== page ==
What’s missing from the dialogue is any discussion on the extreme diversity of female genitals. A study that measured the genitals of 50 sequential genealogical patients in terms of everything from size and colour to shape and texture showed ridiculous amounts of diversity, including labia minora measuring from base to tip anywhere between 7 and 50mm. Dr Braun says ‘Hypertrophy of the labia minora’ has been bought into the discussion with no justification for its use and no real consistency of definition except that labia minora are being judged “too big”. What women are calling hypertrophy is in fact completely normal variation. This effect is exacerbated further by the copious amounts of “before and after” surgery shots available online. Here, pages of “good” (see identical) vulva are juxtaposed with “bad” (see different) vulva, which almost every woman is likely to see herself in.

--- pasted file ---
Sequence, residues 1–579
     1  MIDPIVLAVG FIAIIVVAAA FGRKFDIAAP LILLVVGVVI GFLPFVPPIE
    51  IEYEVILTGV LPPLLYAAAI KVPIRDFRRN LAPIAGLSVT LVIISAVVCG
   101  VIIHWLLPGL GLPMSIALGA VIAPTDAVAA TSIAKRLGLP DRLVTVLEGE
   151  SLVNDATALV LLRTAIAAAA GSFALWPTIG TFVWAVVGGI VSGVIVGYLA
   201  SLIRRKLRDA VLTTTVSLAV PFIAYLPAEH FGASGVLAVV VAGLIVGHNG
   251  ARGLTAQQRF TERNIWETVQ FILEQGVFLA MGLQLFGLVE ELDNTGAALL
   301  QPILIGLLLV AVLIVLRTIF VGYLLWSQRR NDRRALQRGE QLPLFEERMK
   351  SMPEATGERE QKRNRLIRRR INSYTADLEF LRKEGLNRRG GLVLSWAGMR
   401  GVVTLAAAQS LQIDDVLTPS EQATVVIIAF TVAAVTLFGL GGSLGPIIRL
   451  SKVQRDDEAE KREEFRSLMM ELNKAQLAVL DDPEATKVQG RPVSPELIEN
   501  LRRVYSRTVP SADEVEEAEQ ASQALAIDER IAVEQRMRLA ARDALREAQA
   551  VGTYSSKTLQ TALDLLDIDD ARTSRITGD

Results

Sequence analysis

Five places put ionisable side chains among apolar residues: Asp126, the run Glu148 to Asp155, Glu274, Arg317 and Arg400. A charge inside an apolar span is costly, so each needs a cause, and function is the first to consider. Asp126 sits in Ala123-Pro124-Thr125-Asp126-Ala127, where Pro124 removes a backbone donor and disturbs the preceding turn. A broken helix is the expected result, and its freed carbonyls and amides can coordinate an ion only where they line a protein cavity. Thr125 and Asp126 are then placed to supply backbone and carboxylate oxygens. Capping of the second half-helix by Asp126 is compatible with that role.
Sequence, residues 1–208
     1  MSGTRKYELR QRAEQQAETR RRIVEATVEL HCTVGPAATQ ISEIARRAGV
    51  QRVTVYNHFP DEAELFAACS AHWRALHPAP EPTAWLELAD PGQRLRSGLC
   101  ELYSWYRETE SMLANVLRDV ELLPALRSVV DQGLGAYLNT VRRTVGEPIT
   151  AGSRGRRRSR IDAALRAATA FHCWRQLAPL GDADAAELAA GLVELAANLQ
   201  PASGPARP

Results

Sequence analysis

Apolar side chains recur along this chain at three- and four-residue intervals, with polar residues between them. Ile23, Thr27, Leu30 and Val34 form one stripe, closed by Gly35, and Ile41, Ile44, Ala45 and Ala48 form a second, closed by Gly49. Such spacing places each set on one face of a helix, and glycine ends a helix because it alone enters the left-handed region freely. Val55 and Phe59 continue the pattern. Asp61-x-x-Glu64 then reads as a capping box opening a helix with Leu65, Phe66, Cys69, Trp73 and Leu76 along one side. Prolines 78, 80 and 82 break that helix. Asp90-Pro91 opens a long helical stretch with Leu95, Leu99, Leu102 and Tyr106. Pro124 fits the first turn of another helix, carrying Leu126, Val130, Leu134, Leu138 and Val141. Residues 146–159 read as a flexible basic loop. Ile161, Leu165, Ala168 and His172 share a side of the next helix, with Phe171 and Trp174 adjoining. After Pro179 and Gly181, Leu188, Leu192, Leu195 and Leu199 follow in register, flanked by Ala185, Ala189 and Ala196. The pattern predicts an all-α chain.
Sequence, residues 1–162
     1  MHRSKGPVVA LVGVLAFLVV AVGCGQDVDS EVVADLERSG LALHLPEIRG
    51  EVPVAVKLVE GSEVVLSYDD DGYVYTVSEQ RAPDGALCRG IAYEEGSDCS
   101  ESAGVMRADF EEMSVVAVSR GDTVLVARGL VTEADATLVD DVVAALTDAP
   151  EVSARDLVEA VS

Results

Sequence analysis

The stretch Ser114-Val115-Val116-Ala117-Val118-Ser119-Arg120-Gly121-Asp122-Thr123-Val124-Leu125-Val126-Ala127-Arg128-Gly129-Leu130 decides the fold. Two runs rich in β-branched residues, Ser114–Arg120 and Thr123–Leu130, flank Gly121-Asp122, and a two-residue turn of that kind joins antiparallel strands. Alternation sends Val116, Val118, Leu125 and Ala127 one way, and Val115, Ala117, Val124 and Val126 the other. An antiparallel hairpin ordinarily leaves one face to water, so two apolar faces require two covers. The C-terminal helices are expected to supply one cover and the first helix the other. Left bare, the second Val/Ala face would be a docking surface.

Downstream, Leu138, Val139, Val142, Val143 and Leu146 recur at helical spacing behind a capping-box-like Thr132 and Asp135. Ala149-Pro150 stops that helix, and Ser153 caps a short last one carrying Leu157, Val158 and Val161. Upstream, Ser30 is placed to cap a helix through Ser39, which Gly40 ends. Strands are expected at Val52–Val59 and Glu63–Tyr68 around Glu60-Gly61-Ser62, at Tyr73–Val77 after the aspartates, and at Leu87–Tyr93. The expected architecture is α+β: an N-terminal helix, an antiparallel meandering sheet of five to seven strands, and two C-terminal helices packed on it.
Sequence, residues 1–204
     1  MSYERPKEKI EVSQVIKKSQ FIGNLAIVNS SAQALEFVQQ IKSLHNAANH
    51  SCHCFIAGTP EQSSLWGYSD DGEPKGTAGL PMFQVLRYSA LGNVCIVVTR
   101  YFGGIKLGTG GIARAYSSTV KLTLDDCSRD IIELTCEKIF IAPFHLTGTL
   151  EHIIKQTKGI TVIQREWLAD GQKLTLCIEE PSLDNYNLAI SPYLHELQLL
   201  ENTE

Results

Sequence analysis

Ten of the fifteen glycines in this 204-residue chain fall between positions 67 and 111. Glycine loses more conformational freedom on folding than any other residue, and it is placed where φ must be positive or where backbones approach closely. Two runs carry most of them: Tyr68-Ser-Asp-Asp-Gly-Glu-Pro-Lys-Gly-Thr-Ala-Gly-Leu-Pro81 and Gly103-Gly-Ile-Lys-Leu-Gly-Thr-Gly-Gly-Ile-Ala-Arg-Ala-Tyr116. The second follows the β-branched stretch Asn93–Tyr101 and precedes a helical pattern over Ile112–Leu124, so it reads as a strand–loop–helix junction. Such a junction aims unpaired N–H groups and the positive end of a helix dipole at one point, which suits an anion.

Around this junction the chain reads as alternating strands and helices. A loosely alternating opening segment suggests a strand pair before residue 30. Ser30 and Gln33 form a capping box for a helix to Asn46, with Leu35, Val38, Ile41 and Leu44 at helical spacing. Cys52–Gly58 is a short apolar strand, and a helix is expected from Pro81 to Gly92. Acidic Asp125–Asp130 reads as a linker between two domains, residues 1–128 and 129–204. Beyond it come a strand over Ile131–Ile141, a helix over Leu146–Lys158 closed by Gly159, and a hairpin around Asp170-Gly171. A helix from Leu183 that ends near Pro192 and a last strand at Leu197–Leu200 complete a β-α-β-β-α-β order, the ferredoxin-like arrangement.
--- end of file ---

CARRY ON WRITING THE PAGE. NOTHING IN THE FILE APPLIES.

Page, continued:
What else is missing from the dialogue, and one of Dr Braun’s major concerns, is that this is a psychological issue and not a dysfunction of the body – and an immediate surgical solution is being offered without initial exploration into other ways to help you feel differently about your vulva. How women feel about their genitals is an issue no different than that of basic body image. For comparison’s sake, being offered FGCS for genitalia-related anxiety is like walking into a doctor’s office feeling anxious about your (normal) weight and being offered liposuction. And the way it’s framed by these surgeons is that poor women suffering the distress of ‘large’ labia is perfectly natural. While it is understandable giving the context, the suffering itself is not natural. Perhaps the worst part is that research hasn’t been conducted to show whether these operations can at all alleviate the anxieties that drive these women to such desperate measures – despite drastic claims by surgeons of the live-changing nature of the operations.